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*To*: seul-edu@seul.org*Subject*: Re: [seul-edu] [OT] summation of 1/2x*From*: Jan Hlavacek <jhlavacek@sf.edu>*Date*: Wed, 5 Apr 2000 13:06:15 -0500*Delivery-Date*: Wed, 05 Apr 2000 14:06:03 -0400*In-Reply-To*: <4.3.2.20000405161532.00a84100@pop.free.fr>; from giem@free.fr on Wed, Apr 05, 2000 at 04:25:00PM +0100*Mail-Followup-To*: seul-edu@seul.org*References*: <00040420542300.00442@CorelLinux> <00040420542300.00442@CorelLinux> <20000405094726.A13914@math.sf.edu> <4.3.2.20000405161532.00a84100@pop.free.fr>*Reply-To*: seul-edu@seul.org*Sender*: owner-seul-edu@seul.org

On Wed, Apr 05, 2000 at 04:25:00PM +0100, jm wrote: > > > > I got to thinking of this last week when a friend and I were trying to > > > remember what the summation of 1/x evaluated from x=0 to x=infinity > > > is. > > > >I would like to see what you found! ;-) > > If I remember well, there is a trick to calculate the sum of 1/2x from 1 to > infinity > you just need a sheet of paper: > + first you cut in half the sheet of paper: you get 1/2 sheet and another > 1/2 sheet > + then you cut in half again one of the 1/2 sheet: you get 1/4 and 1/4 > + then you cut in half again... > > so you can prove that 1/2+1/4+1/8+..+1/2n+.. = 1 Actually, that is 1/2^n (one over 2 to the n), not 1/2n. As a matter of fact, the series 1/n does not have a finite sum. But after adding some terms at the beginning, the sum increases so slowly that from a computer calculation, it may indeed seem like you have a convergence. After adding first 10000 terms, it all looks like 9.787..., and it seems that these digits are not changing any more. But after adding first 100000 terms you get 12.0901..., and so on. It keeps increasing, and it is not bounded. Of course, when you get so far that your computer thinks that 1/n = 0, you have the "limit" :-). Then you increase the precission, and your "limit" suddenly changes. This is a classical example that demonstrates shortcommings of numerical computations in math. Even better example is 1/(n*ln(n)) (ln stands for natural logarithm). This series is also divergent, but the sum increases even slower than the sum of 1/n. -- Jan Hlavacek (219) 434-7566 Department of Chemistry Jhlavacek@sf.edu University of Saint Francis http://199.8.81.3/Jhlavacek/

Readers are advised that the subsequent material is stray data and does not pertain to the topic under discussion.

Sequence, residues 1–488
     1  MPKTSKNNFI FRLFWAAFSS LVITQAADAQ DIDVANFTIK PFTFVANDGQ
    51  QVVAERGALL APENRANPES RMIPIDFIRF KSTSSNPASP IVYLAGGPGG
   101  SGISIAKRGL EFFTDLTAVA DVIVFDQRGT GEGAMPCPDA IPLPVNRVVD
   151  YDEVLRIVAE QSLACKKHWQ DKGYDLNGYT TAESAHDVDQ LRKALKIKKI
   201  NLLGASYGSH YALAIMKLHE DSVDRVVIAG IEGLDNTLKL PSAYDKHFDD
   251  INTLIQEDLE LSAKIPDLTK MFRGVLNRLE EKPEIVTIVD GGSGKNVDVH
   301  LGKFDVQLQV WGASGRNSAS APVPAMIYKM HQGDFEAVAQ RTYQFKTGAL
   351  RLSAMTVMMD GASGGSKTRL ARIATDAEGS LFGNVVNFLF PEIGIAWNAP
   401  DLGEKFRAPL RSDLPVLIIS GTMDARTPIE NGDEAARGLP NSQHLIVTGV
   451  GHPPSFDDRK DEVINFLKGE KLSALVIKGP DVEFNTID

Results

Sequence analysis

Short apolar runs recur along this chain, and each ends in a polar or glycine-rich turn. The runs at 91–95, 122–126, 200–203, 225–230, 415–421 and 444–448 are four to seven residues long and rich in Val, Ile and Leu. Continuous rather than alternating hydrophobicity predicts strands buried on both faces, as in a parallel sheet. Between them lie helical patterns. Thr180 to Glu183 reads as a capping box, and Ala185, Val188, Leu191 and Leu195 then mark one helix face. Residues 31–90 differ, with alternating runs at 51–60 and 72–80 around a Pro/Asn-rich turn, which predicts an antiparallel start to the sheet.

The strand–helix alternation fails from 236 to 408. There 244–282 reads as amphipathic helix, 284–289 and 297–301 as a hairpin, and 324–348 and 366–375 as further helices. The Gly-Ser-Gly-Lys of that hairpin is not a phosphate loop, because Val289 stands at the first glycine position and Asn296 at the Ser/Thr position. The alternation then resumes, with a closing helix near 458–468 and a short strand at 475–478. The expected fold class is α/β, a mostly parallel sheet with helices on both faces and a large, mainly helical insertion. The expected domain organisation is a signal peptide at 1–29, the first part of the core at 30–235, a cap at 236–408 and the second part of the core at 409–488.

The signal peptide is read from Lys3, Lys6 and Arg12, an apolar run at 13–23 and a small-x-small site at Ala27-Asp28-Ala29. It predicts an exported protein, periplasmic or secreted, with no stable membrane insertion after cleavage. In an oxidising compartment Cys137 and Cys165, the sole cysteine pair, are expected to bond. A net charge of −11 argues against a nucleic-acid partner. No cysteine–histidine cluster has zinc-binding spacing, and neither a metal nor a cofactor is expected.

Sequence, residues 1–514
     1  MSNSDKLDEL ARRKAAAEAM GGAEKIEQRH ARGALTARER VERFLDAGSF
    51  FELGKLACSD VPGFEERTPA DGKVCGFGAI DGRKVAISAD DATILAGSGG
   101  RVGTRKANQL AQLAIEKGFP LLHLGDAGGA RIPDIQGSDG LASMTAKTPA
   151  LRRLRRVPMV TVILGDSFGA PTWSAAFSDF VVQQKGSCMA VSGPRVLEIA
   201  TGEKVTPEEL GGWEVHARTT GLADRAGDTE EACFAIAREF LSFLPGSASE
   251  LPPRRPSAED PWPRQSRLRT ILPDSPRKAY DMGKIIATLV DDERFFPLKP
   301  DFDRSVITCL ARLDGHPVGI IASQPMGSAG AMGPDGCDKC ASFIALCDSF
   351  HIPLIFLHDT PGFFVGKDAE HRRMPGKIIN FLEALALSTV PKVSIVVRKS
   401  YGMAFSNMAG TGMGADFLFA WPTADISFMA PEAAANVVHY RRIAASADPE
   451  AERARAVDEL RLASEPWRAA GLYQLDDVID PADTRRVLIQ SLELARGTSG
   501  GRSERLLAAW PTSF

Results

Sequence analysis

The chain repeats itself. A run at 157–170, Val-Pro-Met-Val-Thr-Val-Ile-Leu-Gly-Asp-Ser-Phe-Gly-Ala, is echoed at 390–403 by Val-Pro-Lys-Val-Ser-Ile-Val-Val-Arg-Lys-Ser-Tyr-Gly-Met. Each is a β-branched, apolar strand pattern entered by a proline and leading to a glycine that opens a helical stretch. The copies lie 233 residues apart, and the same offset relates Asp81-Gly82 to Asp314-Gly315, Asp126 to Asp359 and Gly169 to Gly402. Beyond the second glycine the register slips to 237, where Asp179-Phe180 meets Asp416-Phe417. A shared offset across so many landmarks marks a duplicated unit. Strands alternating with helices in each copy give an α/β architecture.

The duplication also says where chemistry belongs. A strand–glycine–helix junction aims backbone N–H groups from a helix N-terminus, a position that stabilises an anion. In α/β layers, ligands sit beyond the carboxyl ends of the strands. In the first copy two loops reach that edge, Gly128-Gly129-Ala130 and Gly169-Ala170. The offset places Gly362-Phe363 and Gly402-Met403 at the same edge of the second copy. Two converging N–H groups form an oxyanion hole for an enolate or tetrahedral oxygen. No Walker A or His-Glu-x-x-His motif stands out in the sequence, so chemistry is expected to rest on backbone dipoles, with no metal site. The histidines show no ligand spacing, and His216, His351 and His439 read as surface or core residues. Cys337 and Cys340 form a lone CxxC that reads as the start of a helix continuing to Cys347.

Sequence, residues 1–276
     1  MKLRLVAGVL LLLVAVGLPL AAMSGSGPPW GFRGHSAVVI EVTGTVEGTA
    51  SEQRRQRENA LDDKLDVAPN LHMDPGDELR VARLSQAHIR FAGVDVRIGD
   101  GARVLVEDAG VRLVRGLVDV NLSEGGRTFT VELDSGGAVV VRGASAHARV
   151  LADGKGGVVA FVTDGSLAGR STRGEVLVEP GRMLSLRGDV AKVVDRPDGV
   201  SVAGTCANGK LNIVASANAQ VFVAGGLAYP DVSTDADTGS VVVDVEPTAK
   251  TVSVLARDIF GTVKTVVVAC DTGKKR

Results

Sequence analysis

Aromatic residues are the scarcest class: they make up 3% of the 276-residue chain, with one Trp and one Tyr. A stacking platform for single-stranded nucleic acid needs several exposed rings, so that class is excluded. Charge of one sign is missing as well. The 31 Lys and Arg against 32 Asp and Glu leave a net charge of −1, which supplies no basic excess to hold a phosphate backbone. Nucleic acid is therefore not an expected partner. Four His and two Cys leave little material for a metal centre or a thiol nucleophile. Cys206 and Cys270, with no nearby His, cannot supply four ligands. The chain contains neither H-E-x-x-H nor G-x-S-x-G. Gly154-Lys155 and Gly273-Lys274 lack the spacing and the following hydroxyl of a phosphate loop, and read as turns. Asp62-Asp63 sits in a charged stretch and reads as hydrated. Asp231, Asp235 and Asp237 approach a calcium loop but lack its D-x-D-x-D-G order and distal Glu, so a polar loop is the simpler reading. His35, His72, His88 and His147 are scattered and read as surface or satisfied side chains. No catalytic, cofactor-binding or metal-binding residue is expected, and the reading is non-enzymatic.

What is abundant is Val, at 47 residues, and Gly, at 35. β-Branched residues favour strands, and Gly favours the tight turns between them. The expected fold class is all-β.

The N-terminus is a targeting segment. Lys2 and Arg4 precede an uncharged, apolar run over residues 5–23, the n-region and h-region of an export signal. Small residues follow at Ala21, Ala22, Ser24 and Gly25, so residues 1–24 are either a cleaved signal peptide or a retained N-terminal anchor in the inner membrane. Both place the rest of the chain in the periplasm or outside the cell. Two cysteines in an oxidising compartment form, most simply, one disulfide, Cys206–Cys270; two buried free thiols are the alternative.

**References**:**[seul-edu] Long, long ago...***From:*bgfay <rid24199@ride.ri.net>

**Re: [seul-edu] Long, long ago...***From:*Jan Hlavacek <jhlavacek@sf.edu>

**[seul-edu] [OT] summation of 1/2x***From:*jm <giem@free.fr>

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